A Volvo Car equipped with self-driving highway software is parked at the autonomous vehicle testing facility AstaZero on the outskirts of Boras, near Gothenburg, Sweden February 22, 2019.
By: Esha Vaish
A “virtual human” suddenly steps out at a blind bend, but the engineer in the Volvo car’s driving seat on the test track doesn’t flinch, leaving it to software to take evasive action.
Private test tracks like the one owned by Sweden’s AstaZero are playing an increasing role as manufacturers like Volvo put self-driving cars through their paces following high-profile setbacks on public roads, auto executives say.
Automakers and technology companies are locked in a race to bring these vehicles into commercial use by 2022, but their efforts on public roads stumbled last year when an Uber test car hit and killed a pedestrian.
The accident raised public questions about the technology’s safety and made road testing permission tougher to secure, with Uber resuming trials in a severely reduced capacity in December and authorities placing restrictions on its program.
“Everybody has revised the protocols a little bit after that kind of crash because we cannot have that again,” Dennis Nobelius, head of Volvo Cars’ Zenuity driverless software joint venture, told Reuters.
“The industry … has really been made to do one more loop … not only (to) make the end product safe enough but also make the testing secure,” Nobelius said from the backseat of the autonomous Volvo car at AstaZero’s track.
Public road testing has become more challenging for driverless vehicles as software which controls brake and steering is trialled, unlike previously when people controlled breaking and steering and software the other functions.
Trucks which drive themselves are even tougher to test than cars because of their size and weight and truckmakers say they are running tests at enclosed sites like warehouses, harbors and mines where human access can be restricted for safety.
Scania is trialling an autonomous truck at customer Rio Tinto’s Australian mines while an identical truck at its Swedish base runs more tests through simulation.
“In this kind of environment we’re able to test more or less what we need for public roads later on,” Lars-Gunnar Hedström, Scania’s engineering director at connected and autonomous systems, told Reuters.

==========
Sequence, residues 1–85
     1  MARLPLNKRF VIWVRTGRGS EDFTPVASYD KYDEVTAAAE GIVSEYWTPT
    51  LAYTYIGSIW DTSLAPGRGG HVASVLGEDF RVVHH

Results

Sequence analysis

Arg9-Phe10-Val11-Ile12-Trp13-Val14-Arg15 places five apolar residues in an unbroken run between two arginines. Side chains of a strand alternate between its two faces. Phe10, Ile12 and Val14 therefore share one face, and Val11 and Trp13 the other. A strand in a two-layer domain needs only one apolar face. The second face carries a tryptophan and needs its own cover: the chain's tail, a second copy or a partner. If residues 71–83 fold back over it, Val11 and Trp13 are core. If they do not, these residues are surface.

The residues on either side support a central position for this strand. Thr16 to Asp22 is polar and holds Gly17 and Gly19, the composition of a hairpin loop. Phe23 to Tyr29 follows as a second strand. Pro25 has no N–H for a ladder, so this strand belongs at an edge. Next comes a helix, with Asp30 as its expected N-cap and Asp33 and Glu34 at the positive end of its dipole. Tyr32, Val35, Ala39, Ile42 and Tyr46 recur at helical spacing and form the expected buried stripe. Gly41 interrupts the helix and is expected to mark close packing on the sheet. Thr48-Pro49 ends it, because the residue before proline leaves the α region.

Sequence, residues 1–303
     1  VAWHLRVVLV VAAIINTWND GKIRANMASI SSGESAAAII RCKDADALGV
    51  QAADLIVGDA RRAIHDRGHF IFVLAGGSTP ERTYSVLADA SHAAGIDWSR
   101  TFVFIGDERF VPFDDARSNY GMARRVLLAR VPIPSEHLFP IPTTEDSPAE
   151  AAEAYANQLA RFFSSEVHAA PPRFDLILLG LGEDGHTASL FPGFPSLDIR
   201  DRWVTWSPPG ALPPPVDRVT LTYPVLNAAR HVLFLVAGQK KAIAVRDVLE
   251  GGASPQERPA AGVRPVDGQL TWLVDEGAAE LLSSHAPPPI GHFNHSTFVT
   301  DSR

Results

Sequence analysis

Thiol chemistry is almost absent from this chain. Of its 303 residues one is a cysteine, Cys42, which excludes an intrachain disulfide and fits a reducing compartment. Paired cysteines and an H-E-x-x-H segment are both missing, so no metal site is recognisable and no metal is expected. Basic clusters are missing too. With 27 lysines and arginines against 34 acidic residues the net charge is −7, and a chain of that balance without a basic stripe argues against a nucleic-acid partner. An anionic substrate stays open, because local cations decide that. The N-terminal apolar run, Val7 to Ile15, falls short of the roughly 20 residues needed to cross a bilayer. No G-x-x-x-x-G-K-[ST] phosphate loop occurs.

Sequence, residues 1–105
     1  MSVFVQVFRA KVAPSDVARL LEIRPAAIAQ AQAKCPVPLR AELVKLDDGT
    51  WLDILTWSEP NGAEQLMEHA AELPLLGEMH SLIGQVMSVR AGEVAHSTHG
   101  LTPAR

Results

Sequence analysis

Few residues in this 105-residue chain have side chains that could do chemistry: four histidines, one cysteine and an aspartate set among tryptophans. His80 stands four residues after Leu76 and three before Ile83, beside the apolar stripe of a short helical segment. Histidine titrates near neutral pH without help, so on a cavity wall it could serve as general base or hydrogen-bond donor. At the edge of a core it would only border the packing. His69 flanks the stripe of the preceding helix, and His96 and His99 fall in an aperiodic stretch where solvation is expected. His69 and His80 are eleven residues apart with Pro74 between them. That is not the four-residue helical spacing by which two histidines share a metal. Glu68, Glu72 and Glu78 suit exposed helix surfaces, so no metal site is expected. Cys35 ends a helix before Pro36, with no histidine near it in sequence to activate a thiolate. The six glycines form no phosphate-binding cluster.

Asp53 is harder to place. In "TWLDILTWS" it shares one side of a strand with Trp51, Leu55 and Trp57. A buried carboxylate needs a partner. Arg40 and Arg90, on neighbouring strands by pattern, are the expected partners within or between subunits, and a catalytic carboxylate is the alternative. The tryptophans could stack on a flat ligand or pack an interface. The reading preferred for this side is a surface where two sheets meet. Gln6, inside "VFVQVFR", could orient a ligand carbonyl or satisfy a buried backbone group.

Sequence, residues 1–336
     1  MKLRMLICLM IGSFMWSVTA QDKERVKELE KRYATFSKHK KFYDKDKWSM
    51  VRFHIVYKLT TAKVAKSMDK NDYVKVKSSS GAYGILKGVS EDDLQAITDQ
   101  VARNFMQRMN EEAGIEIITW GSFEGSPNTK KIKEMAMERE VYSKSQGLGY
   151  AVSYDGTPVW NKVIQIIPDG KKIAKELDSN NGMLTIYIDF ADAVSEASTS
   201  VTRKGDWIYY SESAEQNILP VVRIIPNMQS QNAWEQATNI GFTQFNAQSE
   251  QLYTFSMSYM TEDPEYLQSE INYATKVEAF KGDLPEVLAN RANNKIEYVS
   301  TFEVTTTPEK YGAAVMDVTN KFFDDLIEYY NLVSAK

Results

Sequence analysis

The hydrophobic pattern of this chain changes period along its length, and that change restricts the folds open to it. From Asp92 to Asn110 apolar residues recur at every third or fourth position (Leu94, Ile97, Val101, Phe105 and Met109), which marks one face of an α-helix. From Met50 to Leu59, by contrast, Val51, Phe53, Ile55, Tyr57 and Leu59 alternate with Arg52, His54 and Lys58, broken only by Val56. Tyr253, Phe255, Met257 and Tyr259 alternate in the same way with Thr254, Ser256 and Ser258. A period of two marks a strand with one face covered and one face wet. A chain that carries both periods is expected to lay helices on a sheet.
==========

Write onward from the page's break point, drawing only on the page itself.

“We have the possibility to be out on customer sites and run real operations much earlier, which is a big difference.”
The AstaZero track, which counts Scania and rival AB Volvo as customers, says it has also secured partnerships with domestic universities and testing grounds in the United States, South Korea and Singapore that give it data about traffic, city planning and human behavior.
This data, CEO Peter Janevik says, is essential because people’s behavior in traffic differs across countries.
Zenuity uses AstaZero’s virtual recreation to test cars using data from Malaysia, aiming to deliver software which is safe anywhere in the world.
With firms also testing upgrades and running joint trials as alliances grow, AstaZero’s facility is fully booked for this year, said Janevik.
Start-up Einride uses one of the tracks to check whether a person in Barcelona can use Ericsson’s 5G network to remotely steer its driverless electric truck, which gives a warning and stops when it encounters a moose or other roadblock.
The idea is eventually to allow customers like DB Schenker, which has already begun using Einride’s truck on Swedish roads, to be able to monitor a fleet of such trucks from a control room and a person there to be able to switch any truck that encounters an obstacle to remote control and navigate it safely.
“Autonomous technology has the potential to… reduce the number of accidents. That’s something we need to work with jointly in this industry,” Robert Falck, CEO of Einride said.
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